More on First Reality and Second Reality

Let us imagine a land called Aqua. Aqua is a desert land, but because water is so important to these desert people, their culture centers around its worship. And in Aqua, there are legends of a place, far across the desert, where water is abundant. (Somewhere, over the rainbow...)

Over the centuries, various Aquans attempt to cross the barren desert and find this place where water is plentiful. And, at long last, a few hardy pilgrims succeed. They find a place with a great lake, and, for the first time, some Aquans are able to plunge into a large body of water and swim. They directly experience immersion in water, the movements necessary to swim, the feedback one gets from the water as to when one is swimming well or poorly, what it is to flounder in the depths and nearly drown, and so on. And this immersion is a transformative experience for those who undergo it.

Those experiences are first reality.

Naturally, when these pioneers return to Aqua, they try to communicate their experiences to the non-swimmers around them. They create terms like "drag," "lift," "glide," "resistance," "propulsion," "buoyancy" and "sinking" to describe what they were doing when swimming. While this is a step removed from first reality, it is still discourse about first reality.

But now imagine that, water being so important to the people of Aqua, these reports of swimming by those who have actually experienced it attract adherents among those who have never crossed the desert, and who have never actually swum. Certain descriptions offered by the swimmers appeal to certain groups in Aqua, while other descriptions appeal to others. These groups form sects, and compete in Aqua as to which of their favored "doctrines" of swimming will gain official approval.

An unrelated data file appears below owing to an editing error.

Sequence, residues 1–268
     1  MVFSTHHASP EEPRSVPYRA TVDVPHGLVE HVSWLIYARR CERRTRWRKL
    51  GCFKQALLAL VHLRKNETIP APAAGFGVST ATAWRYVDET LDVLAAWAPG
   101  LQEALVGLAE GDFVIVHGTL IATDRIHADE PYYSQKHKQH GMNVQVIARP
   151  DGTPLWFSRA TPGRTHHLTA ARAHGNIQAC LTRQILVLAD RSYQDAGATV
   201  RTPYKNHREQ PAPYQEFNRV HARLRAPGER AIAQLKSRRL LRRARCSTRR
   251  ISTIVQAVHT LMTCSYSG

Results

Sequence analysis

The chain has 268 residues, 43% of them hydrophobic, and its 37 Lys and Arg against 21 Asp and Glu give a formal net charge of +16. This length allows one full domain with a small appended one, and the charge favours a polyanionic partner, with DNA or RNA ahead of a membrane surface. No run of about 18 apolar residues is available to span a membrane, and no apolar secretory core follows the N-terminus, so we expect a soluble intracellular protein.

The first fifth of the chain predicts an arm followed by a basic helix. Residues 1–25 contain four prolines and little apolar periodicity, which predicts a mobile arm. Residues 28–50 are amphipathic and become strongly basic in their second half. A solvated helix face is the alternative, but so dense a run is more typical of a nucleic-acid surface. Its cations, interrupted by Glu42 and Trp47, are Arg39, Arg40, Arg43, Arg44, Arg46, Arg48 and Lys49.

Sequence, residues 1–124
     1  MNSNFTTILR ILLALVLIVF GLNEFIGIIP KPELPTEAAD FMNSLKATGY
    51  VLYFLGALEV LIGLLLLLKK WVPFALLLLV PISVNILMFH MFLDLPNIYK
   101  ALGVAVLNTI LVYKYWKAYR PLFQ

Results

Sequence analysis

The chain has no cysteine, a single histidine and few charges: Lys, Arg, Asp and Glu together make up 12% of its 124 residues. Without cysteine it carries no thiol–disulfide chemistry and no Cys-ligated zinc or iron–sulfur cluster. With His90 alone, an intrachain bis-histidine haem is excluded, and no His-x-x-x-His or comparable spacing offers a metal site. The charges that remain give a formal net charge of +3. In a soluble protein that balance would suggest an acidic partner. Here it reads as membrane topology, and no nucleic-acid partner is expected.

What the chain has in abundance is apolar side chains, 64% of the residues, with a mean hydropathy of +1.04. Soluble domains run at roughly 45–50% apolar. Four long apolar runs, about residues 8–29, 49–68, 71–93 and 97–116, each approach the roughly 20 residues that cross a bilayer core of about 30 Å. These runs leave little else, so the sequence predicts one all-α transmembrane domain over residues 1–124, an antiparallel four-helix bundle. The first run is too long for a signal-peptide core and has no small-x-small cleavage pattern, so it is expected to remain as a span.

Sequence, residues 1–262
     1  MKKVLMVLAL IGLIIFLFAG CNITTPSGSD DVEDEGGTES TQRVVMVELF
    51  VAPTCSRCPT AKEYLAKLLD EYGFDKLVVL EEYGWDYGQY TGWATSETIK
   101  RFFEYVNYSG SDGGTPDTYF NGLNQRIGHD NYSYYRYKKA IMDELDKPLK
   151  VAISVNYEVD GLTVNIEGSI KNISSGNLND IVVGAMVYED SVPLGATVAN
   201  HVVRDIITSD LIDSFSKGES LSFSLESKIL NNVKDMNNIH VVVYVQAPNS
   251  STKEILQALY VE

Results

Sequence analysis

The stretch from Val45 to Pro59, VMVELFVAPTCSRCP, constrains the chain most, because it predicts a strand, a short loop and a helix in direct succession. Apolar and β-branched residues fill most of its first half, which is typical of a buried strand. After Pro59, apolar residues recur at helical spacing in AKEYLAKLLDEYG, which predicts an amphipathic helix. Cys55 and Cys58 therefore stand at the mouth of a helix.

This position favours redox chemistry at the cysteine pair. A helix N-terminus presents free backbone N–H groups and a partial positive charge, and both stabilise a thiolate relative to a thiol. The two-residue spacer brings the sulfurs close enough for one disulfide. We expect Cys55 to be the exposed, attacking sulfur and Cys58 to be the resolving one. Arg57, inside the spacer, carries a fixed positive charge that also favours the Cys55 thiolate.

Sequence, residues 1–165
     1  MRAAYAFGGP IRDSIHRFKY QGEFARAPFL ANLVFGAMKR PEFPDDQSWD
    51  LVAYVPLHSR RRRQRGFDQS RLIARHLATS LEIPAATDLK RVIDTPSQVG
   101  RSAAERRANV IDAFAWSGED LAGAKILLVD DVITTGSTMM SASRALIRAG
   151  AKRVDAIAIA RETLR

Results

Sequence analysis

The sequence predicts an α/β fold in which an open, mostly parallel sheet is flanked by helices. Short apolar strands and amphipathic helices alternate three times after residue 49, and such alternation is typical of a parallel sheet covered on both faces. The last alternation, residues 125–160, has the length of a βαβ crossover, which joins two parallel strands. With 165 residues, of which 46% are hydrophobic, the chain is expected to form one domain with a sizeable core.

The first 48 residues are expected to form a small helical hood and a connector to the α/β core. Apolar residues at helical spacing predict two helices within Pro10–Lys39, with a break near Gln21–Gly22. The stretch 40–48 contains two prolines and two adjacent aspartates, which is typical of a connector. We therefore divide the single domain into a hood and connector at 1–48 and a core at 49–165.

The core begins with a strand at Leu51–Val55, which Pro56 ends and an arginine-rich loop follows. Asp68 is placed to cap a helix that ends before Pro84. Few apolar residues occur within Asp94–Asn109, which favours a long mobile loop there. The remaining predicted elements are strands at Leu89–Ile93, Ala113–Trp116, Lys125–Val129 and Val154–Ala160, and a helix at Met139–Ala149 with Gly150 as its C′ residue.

One group claims: "Swimming is all about propulsion, and the notion of drag is a piece of propaganda put forward by reactionaries who do not want the common people of Aqua to advance."

Another group asserts: "Swimming is concerned with gliding, and those who talk of propulsion merely are creating justifications for their own oppression of others in Aqua."

A third group argues: "Essentially, all those who try to swim are sinking. We in Aqua can all only achieve buoyancy together, as it is by the lift of our solidarity that we all support each other."

Each of these groups has some truth on its side: each one has abstracted some aspect of primary reality, and thus some aspect of its truth, but each is also engaged in falsehood, in that each tries to claim the aspect upon which it focuses is reality itself, rather than a mere aspect of reality. And generally speaking, none of these groups urges their followers to actually try to cross the desert and swim for themselves.

These doctrines are secondary realities, or "ideologies" of swimming. They are wars over differing descriptions of primary reality, rather than reports of primary reality itself. Nevertheless, the secondary realities themselves enter into primary reality: for instance, the cult of gliding may gain political ascendancy, and engage in the slaughter or imprisonment of the adherents of propulsion. The suffering of its victims is most certainly a part of primary reality, as is the dehumanization of the "victors" who are able to dole out this suffering.


  1. This reminds me about the story by Raymond Smullyan, "A Planet Without Laughter". It's really short:

    It's about a society where hardly anyone has experienced laughter, so people develop various theories of "humorism" to explain what humor is. Like your Aqua story, it's a metaphor for mystical experience.

  2. Which group is which in this metaphor?